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Entire Russian Paralympic team banned from competition in Rio

Russian President Vladimir Putin, center, speaks with athletes of the Russian Paralympic cycling team as he visits a sports training center in Sochi, the Black Sea resort that hosted this year's Winter Olympics, Russia, Thursday, Oct. 23, 2014. At left is Sports Minister Vitaly Mutko.

AP Photo/RIA-Novosti, Mikhail Klimentyev, Presidential Press Service

Last Updated Aug 7, 2016 11:57 AM EDT

RIO DE JANEIRO - The entire Russia team has been banned from competing in the Paralympic Games in September as punishment for the country's systematic doping program.

The International Paralympic Committee's blanket ban on Russia is in sharp contrast to the earlier decision by the IOC to allow individual sports to decide whether Russians can compete in the Olympics.

The IPC has strongly condemned Russia's years of doping deception, including the 2014 Paralympics in Sochi, that were exposed by World Anti-Doping Agency investigator Richard McLaren last month.

Russia immediately announced it would be appealing against the ban to the Court of Arbitration for Sport, Reuters reports.

McLaren reported that Russia's state-backed doping led to samples from Paralympic athletes being made to disappear.

Russia finished second in the medal standings at the 2012 London Paralympics and had 267 athlete slots for Rio in 18 sports.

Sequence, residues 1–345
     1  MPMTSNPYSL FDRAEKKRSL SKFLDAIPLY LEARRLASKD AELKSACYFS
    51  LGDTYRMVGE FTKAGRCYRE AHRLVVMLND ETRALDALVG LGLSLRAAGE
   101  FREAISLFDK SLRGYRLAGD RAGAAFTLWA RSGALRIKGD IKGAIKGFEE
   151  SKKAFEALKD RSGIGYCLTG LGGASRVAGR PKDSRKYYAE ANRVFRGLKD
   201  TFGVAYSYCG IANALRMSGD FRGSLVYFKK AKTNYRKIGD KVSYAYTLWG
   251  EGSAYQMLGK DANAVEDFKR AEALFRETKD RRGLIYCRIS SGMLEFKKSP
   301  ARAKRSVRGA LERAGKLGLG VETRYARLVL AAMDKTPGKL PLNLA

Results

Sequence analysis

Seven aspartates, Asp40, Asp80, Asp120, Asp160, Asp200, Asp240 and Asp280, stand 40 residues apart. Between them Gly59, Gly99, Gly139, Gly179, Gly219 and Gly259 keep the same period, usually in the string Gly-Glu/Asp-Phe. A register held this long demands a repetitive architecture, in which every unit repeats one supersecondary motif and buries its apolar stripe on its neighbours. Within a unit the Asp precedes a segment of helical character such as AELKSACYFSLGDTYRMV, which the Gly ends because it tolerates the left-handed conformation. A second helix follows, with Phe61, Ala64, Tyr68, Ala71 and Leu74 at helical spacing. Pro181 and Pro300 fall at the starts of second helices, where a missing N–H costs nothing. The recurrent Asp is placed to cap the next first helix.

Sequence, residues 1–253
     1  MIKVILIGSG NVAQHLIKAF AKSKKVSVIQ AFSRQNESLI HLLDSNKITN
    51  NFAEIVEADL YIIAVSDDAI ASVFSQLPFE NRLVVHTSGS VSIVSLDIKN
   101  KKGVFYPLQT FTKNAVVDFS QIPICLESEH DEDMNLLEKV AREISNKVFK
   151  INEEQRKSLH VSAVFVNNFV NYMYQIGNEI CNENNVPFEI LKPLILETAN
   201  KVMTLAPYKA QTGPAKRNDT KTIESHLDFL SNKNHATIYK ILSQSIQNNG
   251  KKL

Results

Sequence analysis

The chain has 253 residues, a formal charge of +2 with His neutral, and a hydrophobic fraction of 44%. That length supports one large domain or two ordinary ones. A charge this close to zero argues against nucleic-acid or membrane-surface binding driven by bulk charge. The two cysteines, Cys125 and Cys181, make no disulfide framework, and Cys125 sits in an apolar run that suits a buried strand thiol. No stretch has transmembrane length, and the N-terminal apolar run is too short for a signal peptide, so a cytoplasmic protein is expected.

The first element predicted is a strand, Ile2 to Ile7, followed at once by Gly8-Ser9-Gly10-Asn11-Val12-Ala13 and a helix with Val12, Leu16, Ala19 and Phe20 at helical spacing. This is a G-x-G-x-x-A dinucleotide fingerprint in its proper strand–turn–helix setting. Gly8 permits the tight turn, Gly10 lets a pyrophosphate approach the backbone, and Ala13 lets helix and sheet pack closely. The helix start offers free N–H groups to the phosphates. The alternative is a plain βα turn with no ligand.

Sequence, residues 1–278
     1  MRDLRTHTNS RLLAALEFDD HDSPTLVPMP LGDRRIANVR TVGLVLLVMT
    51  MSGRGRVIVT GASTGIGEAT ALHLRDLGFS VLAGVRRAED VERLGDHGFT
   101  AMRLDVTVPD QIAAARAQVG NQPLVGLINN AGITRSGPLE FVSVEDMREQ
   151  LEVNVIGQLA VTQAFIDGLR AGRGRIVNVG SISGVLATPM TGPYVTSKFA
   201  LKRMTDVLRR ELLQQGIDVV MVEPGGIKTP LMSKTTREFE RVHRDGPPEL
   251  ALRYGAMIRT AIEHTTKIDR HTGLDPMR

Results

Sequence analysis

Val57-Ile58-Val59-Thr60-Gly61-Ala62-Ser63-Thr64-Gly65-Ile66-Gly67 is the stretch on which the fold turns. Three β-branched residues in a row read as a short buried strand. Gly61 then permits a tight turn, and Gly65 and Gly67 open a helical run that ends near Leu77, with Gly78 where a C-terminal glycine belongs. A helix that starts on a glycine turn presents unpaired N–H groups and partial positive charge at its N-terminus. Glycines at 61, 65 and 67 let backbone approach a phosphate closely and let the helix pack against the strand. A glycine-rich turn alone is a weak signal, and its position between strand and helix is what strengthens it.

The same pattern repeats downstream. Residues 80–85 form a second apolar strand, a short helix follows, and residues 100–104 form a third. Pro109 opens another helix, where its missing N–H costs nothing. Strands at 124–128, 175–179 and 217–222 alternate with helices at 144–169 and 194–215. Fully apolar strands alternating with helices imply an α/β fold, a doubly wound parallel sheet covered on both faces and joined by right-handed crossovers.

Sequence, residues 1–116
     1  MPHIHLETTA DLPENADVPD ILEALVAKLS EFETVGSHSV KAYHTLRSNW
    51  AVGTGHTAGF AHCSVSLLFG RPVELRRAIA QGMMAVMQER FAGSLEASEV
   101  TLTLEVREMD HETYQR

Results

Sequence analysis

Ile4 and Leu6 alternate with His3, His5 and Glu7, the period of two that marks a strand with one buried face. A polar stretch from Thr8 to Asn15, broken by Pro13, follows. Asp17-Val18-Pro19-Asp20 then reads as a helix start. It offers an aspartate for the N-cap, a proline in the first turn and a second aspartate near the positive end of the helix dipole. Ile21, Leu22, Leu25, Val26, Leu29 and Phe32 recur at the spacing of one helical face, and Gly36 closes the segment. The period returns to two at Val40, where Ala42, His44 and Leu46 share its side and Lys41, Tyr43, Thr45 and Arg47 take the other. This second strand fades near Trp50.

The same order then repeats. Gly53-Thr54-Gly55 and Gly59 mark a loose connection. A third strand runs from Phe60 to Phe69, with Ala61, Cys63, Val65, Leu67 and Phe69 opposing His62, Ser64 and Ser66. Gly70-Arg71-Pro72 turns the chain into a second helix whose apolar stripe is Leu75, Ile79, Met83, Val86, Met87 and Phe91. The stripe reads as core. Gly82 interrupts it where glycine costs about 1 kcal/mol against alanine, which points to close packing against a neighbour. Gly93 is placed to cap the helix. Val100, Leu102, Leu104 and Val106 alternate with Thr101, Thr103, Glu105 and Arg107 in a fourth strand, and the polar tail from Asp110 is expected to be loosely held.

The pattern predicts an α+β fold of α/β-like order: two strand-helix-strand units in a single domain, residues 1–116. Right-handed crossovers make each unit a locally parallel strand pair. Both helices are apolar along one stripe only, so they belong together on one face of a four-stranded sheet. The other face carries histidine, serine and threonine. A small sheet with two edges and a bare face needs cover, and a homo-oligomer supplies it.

The IOC approved the entry of 271 Russian athletes for the Rio Olympic Games, meaning 70 percent of the country's original team will compete after a doping scandal that has dominated the buildup to the games. Overall, more than 100 Russians have been excluded, including 67 in track and field.

The IOC recently rejected calls from anti-doping organizations to ban Russia's entire team following a report by a World Anti-Doping Agency investigator that detailed evidence of state-directed doping and cover-ups.

Instead, the IOC asked international federations to examine individual Russian athletes to determine if they should be eligible for the games. The IOC set up a panel of three executive board members to review the entries and make the final call, taking into account the advice of an independent sports arbitrator.

IOC President Thomas Bach again defended the decision not to ban the entire Russian Olympic team, insisting that athletes cannot be punished for the wrongdoing of their government.

"We had to follow the rules of justice and justice has to be independent from politics," Bach said. "You cannot answer to a violation of a law by another violation of a law. This is destroying justice. We had to respect basic principles of natural law."